“It’s time to tighten the rules on baby food packaging claims – it’s confusing parents” – Miriam Stoppard

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Dr Miriam Stoppard argues stricter regulation is needed on claims made on baby food packaging as it leaves parents confused

Promoting sugary baby foods with high amounts of sugar could be harmful

Promotional claims on baby food (CBF) packaging are ubiquitous and, in part, unregulated. They can also have “healthy halo” connotations which imply

indirect health benefits for babies that might confuse parents.

Researchers Ada Lizbeth Garcia and colleagues at the University of Glasgow point to a total of 6,265 promotional claims on 724 selected CBF products across seven supermarkets.

Almost all products carried marketing claims (99%) on the packaging, followed by composition claims (97%) and nutrition claims (85%). Only 6% of products (41) carried direct health claims.

Obviously, in the absence of strict regulations, there is a kind of free-for-all. Moreover, it can’t be good for babies or parents. This should be seen in the context of the World Health Organization (WHO) advocacy for exclusive breastfeeding for at least six months.

The average number of claims on each product was nine, of which about five were marketing in nature. But there were examples of up to 17 promotional claims on a single product.

Marketing claims mainly referred to texture (84%) and taste (70%). The top composition claim was organic (63%) while nutrition claims were mostly for ‘no added’ or ‘less’ sugar (58%) and salt (57%).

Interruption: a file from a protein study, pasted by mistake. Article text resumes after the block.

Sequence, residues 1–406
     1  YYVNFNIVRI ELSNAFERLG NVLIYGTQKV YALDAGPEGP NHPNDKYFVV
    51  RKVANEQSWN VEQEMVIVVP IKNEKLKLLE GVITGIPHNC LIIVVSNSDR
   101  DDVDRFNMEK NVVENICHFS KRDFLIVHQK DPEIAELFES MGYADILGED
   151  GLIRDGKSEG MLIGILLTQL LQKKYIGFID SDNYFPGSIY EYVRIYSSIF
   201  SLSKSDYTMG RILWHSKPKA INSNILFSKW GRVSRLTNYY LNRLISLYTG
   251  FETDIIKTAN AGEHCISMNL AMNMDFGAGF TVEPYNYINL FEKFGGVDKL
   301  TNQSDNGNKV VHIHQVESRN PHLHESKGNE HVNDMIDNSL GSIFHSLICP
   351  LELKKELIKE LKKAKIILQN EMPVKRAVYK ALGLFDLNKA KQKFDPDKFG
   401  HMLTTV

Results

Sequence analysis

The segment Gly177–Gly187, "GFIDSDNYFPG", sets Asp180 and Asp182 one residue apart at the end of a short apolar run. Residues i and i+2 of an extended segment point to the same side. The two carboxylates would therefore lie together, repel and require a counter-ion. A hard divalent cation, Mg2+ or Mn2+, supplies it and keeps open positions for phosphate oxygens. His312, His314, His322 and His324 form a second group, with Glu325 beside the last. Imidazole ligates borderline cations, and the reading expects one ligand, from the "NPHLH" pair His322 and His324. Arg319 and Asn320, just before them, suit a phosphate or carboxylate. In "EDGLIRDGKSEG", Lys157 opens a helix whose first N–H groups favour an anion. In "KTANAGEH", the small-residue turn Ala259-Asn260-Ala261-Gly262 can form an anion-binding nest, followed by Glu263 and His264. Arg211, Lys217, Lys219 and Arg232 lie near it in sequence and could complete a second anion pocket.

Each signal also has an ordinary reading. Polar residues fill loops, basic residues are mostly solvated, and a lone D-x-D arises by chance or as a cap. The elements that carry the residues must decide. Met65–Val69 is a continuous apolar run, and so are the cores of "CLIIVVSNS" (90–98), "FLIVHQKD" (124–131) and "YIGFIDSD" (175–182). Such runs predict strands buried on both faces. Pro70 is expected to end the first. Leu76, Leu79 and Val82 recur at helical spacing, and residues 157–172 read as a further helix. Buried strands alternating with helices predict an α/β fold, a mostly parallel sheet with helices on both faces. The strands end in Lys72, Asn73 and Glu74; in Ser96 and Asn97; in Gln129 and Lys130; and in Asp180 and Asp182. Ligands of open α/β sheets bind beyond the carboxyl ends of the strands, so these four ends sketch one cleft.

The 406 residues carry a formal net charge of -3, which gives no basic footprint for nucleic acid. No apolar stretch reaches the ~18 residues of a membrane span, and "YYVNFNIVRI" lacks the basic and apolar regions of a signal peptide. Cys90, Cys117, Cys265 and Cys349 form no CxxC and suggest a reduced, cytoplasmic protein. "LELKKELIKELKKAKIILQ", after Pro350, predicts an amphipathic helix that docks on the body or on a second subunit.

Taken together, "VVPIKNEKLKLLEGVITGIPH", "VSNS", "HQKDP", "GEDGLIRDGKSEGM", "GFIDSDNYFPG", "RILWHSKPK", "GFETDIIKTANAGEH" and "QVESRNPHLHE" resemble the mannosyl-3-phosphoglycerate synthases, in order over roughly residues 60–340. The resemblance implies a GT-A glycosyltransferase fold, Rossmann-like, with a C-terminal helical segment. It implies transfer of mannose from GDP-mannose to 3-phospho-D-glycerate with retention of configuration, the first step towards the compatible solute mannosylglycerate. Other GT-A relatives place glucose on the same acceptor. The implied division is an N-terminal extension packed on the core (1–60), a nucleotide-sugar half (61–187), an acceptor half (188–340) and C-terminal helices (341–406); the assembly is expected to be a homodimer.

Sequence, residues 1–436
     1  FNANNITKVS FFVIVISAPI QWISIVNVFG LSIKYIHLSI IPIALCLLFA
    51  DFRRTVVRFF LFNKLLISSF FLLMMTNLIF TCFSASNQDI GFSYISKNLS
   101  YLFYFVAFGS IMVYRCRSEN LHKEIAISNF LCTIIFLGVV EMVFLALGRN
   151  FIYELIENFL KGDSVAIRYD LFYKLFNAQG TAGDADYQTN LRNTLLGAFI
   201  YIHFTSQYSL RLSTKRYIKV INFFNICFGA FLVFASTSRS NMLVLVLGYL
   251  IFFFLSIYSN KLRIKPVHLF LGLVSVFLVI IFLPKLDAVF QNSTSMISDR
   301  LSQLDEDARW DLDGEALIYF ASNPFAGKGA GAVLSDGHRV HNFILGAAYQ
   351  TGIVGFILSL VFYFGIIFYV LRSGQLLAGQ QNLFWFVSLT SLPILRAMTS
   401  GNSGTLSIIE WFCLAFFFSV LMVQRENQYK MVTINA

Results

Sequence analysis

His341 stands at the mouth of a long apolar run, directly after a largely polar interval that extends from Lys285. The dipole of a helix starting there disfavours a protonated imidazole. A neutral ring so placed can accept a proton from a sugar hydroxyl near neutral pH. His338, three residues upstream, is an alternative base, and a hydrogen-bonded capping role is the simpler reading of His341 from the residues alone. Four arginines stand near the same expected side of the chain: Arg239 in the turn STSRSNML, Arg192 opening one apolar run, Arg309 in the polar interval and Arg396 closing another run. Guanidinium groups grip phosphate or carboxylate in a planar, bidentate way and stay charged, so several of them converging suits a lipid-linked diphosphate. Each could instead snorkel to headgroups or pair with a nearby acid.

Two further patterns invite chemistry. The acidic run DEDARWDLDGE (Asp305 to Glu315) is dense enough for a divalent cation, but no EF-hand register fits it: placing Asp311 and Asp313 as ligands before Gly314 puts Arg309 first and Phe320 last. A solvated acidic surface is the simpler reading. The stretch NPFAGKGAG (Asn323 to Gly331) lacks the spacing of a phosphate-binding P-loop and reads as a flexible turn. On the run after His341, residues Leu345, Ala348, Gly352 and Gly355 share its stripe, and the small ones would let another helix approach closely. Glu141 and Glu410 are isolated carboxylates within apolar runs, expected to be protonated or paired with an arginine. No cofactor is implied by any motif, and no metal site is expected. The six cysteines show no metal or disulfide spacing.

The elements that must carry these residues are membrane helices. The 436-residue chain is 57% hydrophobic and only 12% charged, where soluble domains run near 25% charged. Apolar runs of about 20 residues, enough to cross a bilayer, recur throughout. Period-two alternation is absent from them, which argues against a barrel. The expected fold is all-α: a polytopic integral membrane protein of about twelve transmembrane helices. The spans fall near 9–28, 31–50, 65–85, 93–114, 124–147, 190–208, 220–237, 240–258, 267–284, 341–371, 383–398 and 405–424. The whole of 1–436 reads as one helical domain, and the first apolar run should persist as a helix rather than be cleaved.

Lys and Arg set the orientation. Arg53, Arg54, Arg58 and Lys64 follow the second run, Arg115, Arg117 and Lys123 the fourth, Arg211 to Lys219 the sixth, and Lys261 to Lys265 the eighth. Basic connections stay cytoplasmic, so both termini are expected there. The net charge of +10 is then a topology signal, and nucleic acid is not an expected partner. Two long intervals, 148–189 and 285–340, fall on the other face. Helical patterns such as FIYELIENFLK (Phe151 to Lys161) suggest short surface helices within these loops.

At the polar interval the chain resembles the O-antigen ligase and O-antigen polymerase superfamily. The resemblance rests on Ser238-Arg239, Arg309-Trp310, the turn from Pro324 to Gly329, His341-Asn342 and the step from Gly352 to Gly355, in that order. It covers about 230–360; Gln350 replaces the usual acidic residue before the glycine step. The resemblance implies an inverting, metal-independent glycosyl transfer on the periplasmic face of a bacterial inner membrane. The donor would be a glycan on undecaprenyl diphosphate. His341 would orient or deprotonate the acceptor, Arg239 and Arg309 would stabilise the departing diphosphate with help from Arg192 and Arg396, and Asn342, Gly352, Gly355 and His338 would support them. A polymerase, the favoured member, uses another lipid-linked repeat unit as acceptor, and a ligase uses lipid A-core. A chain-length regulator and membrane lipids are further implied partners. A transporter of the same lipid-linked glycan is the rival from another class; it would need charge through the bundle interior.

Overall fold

The WHO has called for the establishment of standards for the promotion of commercial baby foods to align with best practice recommendations for infant feeding – and this is clearly needed.

There are some practices in my opinion that are downright dangerous, for example the claims of baby-directed weaning on 72% of snacks. There is no justification for snacking as early as 6 months, given the potential to encourage overeating and obesity.

Dr Garcia says: “Because food preferences are formed early in life and infants have an innate preference for sweet and salty foods, the promotion of sweet [baby foods] containing a large amount of sugar could be detrimental.

“In addition, it can contribute to high energy consumption and tooth decay. [tooth decay].

“Dietary goals for fruit and vegetable consumption (five servings a day) are given to children from the age of two, hence the opportunity to promote claims such as ‘contributes to your 2 out of 5’ or ‘ contains 1 of 5”. ‘remains debatable,’ she adds.

“Endorsements such as ‘Nutritionist Approved’ or ‘Dietitian Approved’ are widely used, but what these endorsements mean in terms of nutrient quality or the veracity of health claims is not entirely clear and requires consideration. further examination.”

My main concern is that promotional claims about CBFs might mislead parents and not be in the best interests of babies. At the very least, policymakers and stakeholders should update guidelines, legislation and policies to protect mothers and babies so that infant feeding recommendations are not compromised.

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